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Thread: Kodacolor.

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    Kodacolor.

    To anyone with knowledge of tri-pack colour films.
    I am a photographer researching into early tri-pack colour processes, mainly negative-positive processs, such as Gevacolor, Pakolor and others.
    "How did Eastman Kodak process the second type of Kodacolor film, which was marketed between 1944-49?"
    The film had a black and white blue sensitive emulsion layer between the yellow filter layer and the green sensitive (magenta dye forming) layer.
    My theory is: The film was processed in C-22 chemicals to form dye images in the three dye forming layers. Then the film was exposed to white light, through the base, printing the cyan dye layer and the magenta dye layer onto the blue sensitive B/W layer. The film was then processed again in a soft working B/W developer (possibly D-165) to form a weak positive mask image. When the Kodacolor negative was printed onto Kodacolor Paper through the base of the film, the mask would have held back some of the light in the shadow areas of the negative thus lowering the contrast.

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    The C-22 process did not exist at that time, but the one used was a close approximation to it.

    The original chromogenic Kodacolor film had no mask whatsoever, and relied on any 'mask' being formed by using either interimage effects, or a wash after the color developer to promote formation of a positive 'fog' image. Some unmasked color negative films used this method into the 60s.

    The silver mask in Kodacolor, when introduced, was formed much as you say, but none of my texts or records show what kind of developer was used.

    PE

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    To Photo Engineer. Many thanks for info on Kodacolor. J. Coote states in his book "The Illustarted history of Colour Photography" C-22 was used for Kodacolor film since 1942 (p-158). If this is incorrect it would be interesting to know how the earlier process differed from the later named C-22. I remember processing Agfacolor CN17 film back in 1969 with a 15 min. wash after the intermediate bath.I can't imagine the mask in Kodacolor would have made much difference in colour correction, although some references state it was to correct for the unwanted blue absorbtion of the cyan and magenta dyes of the kodacolor negative.D-165 was a soft working developer of that time, but I don't know what developer Kodak actually used.

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    The C-22 and P122 processes for film and paper were developed after the consent decree. The changes to the process were mainly in simplification so that the average darkroom enthusiast or photofinisher could use it without harm.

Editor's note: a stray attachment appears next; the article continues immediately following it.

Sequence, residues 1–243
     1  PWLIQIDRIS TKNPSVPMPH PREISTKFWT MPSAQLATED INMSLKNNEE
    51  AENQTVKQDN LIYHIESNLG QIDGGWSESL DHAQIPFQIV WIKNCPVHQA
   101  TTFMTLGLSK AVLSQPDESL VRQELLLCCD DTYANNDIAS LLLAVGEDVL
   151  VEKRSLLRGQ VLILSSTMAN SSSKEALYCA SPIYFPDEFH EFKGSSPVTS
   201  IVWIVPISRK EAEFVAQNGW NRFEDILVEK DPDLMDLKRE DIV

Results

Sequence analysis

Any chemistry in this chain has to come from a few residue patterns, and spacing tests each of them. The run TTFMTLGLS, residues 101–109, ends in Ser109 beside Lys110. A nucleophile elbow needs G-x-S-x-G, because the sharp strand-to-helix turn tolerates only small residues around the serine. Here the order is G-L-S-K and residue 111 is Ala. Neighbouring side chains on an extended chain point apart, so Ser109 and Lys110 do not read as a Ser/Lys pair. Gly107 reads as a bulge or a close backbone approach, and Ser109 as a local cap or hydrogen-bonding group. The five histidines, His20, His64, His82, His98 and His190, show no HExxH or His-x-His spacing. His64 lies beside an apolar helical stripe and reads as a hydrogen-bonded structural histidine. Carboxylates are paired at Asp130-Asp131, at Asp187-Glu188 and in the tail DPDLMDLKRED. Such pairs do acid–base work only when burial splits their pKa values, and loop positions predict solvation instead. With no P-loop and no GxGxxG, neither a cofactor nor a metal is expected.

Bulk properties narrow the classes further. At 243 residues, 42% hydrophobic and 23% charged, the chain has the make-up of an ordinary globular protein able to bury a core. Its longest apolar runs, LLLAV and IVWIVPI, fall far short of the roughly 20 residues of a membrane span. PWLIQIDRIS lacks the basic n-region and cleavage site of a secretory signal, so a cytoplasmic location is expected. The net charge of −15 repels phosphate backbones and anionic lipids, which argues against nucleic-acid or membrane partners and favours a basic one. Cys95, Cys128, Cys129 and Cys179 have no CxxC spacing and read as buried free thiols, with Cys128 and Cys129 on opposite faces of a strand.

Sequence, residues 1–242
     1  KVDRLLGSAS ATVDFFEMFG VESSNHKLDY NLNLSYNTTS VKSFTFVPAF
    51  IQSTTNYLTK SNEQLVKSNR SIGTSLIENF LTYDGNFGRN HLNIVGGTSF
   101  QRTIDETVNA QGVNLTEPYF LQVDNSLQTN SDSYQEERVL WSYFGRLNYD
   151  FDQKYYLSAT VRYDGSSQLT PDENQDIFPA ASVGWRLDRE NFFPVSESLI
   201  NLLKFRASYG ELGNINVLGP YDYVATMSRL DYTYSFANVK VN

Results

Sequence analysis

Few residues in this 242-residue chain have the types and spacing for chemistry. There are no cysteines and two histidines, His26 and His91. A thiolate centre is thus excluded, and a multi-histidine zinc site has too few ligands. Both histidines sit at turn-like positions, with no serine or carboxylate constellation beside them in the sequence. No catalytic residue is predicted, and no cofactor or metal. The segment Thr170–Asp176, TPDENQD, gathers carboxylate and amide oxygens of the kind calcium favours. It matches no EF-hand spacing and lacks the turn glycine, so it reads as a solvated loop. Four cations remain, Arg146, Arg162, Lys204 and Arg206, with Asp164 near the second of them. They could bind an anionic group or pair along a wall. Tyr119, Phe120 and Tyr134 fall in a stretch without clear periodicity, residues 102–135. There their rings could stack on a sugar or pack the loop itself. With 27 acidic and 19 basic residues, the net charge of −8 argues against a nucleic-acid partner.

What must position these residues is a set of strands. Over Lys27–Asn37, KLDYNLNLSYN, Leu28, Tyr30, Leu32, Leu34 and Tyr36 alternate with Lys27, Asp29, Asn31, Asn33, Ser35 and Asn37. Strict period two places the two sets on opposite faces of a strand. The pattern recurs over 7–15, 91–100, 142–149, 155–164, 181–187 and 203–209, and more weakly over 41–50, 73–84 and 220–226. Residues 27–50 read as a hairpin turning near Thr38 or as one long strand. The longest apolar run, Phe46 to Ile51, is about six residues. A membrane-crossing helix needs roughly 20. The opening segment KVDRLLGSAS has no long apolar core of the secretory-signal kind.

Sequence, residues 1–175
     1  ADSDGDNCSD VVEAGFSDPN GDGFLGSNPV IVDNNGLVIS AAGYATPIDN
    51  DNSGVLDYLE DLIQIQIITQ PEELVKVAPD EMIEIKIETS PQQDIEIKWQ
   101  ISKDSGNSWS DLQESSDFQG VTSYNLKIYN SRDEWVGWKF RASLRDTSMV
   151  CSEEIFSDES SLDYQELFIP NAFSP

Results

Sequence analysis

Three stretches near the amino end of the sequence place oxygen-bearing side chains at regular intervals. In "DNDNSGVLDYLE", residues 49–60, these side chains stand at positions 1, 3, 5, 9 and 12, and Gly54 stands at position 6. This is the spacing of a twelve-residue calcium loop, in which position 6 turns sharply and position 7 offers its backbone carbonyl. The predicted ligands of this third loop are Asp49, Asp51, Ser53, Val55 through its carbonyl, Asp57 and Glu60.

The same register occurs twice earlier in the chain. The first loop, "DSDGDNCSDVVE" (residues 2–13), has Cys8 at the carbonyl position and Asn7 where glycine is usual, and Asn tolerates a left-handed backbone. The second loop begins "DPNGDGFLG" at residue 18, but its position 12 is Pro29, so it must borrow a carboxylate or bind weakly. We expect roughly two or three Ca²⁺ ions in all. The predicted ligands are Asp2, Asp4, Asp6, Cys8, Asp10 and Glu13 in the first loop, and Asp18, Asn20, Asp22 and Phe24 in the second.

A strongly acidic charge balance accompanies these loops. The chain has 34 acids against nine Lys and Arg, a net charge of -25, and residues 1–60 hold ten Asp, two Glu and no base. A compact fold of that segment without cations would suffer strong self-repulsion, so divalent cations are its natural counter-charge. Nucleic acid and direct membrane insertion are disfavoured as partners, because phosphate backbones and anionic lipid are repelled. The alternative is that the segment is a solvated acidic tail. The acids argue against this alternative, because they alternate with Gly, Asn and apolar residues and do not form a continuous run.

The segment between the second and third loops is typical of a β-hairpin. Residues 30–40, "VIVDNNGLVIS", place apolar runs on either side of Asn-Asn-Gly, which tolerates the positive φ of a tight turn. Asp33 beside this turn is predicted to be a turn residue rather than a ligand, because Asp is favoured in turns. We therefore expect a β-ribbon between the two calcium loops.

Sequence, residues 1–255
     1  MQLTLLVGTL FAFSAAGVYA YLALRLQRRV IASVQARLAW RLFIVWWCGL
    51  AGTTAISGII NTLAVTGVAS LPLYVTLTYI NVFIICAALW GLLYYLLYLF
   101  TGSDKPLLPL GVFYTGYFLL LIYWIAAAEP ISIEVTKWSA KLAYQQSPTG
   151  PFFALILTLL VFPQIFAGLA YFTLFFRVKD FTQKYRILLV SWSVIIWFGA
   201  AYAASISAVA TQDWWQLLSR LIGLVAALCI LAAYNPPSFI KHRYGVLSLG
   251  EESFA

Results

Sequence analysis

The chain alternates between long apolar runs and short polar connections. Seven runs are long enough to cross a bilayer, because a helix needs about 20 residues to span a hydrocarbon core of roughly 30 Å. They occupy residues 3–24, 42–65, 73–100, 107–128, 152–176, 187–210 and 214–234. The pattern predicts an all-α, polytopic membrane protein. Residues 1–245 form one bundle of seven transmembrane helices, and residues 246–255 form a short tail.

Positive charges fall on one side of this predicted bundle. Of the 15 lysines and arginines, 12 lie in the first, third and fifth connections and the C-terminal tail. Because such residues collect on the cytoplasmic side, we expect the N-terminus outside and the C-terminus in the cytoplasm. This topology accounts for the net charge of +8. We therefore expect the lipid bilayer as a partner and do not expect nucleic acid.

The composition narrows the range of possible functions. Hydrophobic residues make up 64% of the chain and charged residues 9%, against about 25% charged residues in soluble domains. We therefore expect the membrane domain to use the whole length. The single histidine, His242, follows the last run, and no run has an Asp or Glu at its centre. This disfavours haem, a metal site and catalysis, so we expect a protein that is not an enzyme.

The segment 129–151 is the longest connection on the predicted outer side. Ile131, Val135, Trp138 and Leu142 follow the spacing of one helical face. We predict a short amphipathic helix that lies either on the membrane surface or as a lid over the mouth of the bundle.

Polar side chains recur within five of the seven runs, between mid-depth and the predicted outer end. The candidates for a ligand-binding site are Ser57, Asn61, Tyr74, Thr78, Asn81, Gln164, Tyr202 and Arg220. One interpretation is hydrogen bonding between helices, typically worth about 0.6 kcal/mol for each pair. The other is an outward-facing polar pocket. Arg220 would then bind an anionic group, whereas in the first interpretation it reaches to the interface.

Two changes I remember were going to a less toxic color developer (CD3) which required the addition of benzyl alcohol to the developer, and the use of ferricyanide bleach instead of the original quinone / sulfuric acid bleach.

    These are the two that I remember, but I'm sure there were others.

    Since the processing of Kodacolor film was not done outside of Kodak labs, how would anyone really have the authority to state what was used. This was all held behind a 'silver curtain' at EK and not known to the general public.

    The wash in CN17 film caused extra edge and interimage efffects. Konishiroku also used a similar method at that time with their color negative film. I have processed both films and at one time had the processing formulas. A wash after development introduced a mild 'mask' to the negative image as positive fog came up during the wash. This weak positive silver/dye image became a weak mask. The film was designed specifically to take advantage of this, and I have made many fine prints from these color negative products.

    There were many tricks that could be played with this sort of process sequence. I have tried many of them with quite interesting results.

    PE

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    Many thanks for info on mask effect on CN17 film.Strangely enough, this mask effect is'nt mentioned in any of Berger's Agfacolor books, published 1950-67. But there is a mention of a colour correction positive masking process for Agfacolor motion picture film in FIAT report 976. Jack Coote worked for Ilford for many years. He may have just assumed that C-22 and P-122 were used from the start,(1942).on the other hand he must have had contacts in Kodak Ltd in UK and have had some knowledge of Kodacolor.Certainly by 1949 EK were marketing the "Ektacolor Processing Kit" for Ektacolor Type B film,and later, Ektacolor Print Film. Do you know if this processing kit was identical to the C-22 process, or were the solutions, times, temperatures different?
    I beleive CD3 replaced CD2 around 1955, the same time that Kodak Color Print Material Type C was introduced which later became Ektacolor paper. MDT

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    All I know is that there was a different (quinone) bleach and different developing agents. There were a series of process changes over the years, but the major changes took place at the time of the consent decree.

    Until the early 60s, all color negative films but those made by Kodak used the Agfa method of interposing a wash after development to achieve some degree of edge and interimage effects. I still have one of the old kits around here I think. I have lots of negatives processed that way and still have some of the formulas here somewhere.

    PE



 

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